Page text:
Low Tech Fertilizers?
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Old 06-30-2015, 08:56 PM   #1
naruto590
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Low Tech Fertilizers?


Hi guys, right now I have a 55gal low tech tank with a 48' double t5NO fixture. As for substrate I have flourite under gravel. My question today is whether i need to be adding any fertilizers to the tank on a daily/weekly basis considering it is low tech. Right now there appears to be no problem with plant growth except with my java moss, I recently noticed it starting to turn brown so i went and thinned it out so that the light reaches the bottom of the moss as well but it still doesn't seem to be doing any better. Also I am having a bit of trouble with algae growing on the glass but nothing incredibly bad at the moment. If I should be dosing any ferts please be sure to clarify which ones, how much, and how frequently. Also should I be adding liquid CO2? Thanks for the help in advance.
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Old 06-30-2015, 11:15 PM   #2
Raymond S.
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A couple of pictures of the tank would help. Mulm/detrius that builds up on the bottom
will eventually fill in between the grains of the sub and turn into fertilizers. But that takes months after the tank is set up. Low amounts of some kinds of plants can grow in that type of fertilizers.
The algae on the glass only really implies that the light is on for too long each day.
Is that T5NO actually an aquarium fixture that has reflectors ?
Home Depot actually has a shop light T8 fixture that has more light than that T5NO.
It's because it has excellent reflectors on it.
Java Moss doesn't like temperatures over 80 much. That and seriously low light are the only things I know of that might hurt it.
Any slower growing type plants should do OK in there without adding ferts.
Just google any you think you might like to have before you buy them.
Look for low light/slow growth in the description/growing conditions listed.
Anubias are likely the most common ones in that category. But I suspect that unless you up-grade that light you are not going to grow much in there.
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Old 07-01-2015, 12:30 AM   #3
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Plants need over a dozen elements to live.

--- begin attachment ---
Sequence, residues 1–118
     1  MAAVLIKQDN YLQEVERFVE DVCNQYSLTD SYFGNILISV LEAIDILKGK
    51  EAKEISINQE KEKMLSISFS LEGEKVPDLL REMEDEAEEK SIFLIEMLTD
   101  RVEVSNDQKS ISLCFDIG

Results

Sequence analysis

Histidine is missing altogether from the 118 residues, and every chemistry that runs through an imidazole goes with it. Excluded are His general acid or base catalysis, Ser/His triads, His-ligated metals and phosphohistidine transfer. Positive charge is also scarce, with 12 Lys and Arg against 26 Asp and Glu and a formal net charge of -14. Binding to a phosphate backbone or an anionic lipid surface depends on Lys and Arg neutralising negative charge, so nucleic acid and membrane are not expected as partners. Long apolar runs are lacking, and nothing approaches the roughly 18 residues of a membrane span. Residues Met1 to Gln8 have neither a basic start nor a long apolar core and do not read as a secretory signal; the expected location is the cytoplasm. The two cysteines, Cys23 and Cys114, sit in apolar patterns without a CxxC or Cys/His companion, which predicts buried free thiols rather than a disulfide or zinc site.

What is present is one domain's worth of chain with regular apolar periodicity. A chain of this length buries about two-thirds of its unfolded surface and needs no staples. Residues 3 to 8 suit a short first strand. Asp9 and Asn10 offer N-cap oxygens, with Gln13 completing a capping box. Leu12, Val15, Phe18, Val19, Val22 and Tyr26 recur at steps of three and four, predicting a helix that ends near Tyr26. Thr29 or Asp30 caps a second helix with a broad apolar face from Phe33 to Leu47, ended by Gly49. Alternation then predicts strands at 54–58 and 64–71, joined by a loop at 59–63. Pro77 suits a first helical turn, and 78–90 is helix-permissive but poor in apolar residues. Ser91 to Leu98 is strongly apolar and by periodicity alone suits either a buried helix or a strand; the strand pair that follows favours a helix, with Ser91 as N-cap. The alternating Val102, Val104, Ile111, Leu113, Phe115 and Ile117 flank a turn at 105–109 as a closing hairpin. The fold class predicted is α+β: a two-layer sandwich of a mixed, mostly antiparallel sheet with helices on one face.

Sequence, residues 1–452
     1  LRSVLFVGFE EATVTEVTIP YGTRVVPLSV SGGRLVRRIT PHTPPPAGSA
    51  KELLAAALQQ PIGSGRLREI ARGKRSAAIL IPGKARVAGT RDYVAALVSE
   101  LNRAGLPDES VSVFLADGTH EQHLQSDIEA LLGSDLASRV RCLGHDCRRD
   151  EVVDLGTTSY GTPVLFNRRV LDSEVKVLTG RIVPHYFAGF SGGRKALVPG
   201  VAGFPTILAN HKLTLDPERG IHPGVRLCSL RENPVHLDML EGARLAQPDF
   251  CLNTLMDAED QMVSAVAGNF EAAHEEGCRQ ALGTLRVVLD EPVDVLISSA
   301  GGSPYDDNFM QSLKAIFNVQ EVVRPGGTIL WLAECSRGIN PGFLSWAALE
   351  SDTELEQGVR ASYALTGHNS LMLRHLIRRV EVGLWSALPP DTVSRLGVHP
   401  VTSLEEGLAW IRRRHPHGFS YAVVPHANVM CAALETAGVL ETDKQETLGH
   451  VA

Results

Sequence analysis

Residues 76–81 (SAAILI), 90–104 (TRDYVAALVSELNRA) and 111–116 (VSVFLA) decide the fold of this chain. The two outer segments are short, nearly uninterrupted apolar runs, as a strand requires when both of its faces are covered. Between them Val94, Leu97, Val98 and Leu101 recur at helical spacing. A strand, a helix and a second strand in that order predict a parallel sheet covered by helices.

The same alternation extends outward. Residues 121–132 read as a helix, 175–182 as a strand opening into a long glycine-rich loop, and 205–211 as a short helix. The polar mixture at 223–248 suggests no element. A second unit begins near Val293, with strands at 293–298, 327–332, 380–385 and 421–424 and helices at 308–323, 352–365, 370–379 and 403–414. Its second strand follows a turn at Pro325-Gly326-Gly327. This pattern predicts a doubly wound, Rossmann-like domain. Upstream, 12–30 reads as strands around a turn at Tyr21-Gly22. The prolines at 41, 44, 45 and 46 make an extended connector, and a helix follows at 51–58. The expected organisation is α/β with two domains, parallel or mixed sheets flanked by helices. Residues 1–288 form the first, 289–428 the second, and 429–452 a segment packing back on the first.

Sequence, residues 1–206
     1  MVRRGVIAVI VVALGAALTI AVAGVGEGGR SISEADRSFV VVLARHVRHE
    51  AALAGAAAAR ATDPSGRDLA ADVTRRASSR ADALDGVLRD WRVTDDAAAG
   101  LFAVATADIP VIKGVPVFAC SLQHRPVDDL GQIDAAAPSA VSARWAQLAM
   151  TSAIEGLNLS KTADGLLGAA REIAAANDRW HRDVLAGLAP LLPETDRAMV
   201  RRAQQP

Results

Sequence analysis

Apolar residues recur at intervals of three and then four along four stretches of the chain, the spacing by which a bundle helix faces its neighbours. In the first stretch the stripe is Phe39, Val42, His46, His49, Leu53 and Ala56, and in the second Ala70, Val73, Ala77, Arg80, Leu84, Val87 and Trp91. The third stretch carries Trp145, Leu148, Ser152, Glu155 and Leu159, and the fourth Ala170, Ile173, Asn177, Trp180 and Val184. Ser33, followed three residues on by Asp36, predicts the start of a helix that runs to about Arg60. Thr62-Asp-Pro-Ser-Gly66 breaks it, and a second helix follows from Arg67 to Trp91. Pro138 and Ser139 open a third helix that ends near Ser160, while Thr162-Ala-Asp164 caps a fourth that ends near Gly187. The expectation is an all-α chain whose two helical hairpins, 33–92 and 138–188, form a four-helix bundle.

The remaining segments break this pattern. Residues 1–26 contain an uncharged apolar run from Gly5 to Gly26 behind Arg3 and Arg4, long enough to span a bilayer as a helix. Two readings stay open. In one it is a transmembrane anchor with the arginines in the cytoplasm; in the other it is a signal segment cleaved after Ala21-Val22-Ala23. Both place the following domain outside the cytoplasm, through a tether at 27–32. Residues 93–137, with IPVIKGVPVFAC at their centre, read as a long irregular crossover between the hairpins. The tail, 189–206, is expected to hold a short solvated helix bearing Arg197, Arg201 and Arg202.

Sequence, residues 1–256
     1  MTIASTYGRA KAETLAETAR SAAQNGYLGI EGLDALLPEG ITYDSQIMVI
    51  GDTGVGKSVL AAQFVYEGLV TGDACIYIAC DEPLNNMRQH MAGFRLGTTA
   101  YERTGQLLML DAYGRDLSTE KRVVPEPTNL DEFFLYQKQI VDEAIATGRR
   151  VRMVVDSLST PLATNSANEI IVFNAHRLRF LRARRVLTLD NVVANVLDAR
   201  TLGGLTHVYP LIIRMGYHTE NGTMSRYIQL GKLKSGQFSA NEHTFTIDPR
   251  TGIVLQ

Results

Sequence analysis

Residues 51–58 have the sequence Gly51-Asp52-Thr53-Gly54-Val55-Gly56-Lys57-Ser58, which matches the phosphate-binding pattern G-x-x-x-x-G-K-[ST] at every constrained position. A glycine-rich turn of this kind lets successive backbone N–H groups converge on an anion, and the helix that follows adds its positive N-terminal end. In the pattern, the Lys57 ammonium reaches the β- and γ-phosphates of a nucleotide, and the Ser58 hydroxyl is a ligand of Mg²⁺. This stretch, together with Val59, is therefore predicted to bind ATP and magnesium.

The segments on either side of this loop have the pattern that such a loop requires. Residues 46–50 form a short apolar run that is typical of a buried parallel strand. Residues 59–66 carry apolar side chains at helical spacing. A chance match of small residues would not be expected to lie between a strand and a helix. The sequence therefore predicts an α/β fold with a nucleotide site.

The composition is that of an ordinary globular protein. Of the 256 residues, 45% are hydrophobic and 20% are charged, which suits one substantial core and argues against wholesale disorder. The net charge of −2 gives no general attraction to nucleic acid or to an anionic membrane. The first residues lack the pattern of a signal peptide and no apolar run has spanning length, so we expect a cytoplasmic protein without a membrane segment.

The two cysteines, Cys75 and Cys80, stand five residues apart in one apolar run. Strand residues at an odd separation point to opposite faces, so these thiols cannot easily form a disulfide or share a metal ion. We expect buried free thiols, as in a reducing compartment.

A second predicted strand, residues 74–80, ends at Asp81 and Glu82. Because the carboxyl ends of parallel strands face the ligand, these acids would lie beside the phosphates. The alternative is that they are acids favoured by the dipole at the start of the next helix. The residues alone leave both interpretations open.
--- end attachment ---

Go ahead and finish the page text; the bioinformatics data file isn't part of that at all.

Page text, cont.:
Some are pretty simple, like hydrogen and oxygen.
Carbon is a good idea, but in a low tech tank the decomposing matter in the soil may supply it.
Fish food has the elements plants need, but may be low in potassium and iron.

When I wanted to improve conditions for my tanks the first ferts I added were C (Excel), K and Fe (Leaf Zone, a liquid fertilizer).

The other minerals that you should check is with the GH test. Plants and fish need calcium and magnesium. If the GH is too low (<3 dGH) these might be marginal. Water changes usually supply these minerals.

When you first start with a commercial product, I would try the low end dose, whatever the label says. If that helps, you could stay with that dose, or try a bit more.

What may happen is this:
When you supply the missing element, then the next element in shortest supply becomes the deficient one, so you should watch and dose that...
until you reach some other stopping point, such as the light.
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Old 07-01-2015, 01:38 AM   #4
naruto590
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Ray,
The fixture that I have is actually an aquarium fixture that I putchased not too long ago, it has a reflector for each light and puts out a total of 56w of t5 light. Also, all of the plants that I do have in there are ones that do well in low light low tech settings, and as I said at the moment my other plants are either growing or remaining the same except for the moss, the temp in my tank is never over 80, usually at 79 so perhaps it's because only one of the bulbs is actually providing useable light for the plants because one is actnic, Im waiting on the new bulb I ordered to arrive in the meantime. As for the algae I'll most likely lower my photo period about an hour and see if that helps.
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Old 07-01-2015, 01:50 AM   #5
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Diana,
I think I'm going to take your advice with the CO2 and leave zone, how often do you dose with these two?
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Old 07-01-2015, 02:49 PM   #6
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Default Low Tech Tanks

Hello nar...

If by low tech, you mean you have nothing but standard florescent lighting, basic filtration that hangs on the back of the tank and undemanding plants, then as long as you have a good stock of fish and feed a balanced diet, you don't need to add commercial fertilizers. The old leaves of the aquatic plants and the waste the fish produce are constantly dissolving in the tank water and nourishing the tank. All you need to do is remove and replace at least half the tank water and service the filtration system weekly to maintain the tank. Tank keeping is pretty simple, it's all about the water.

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Old 07-01-2015, 03:43 PM   #7
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And water change may even be unnecessary for about... well almost a year now in my case.
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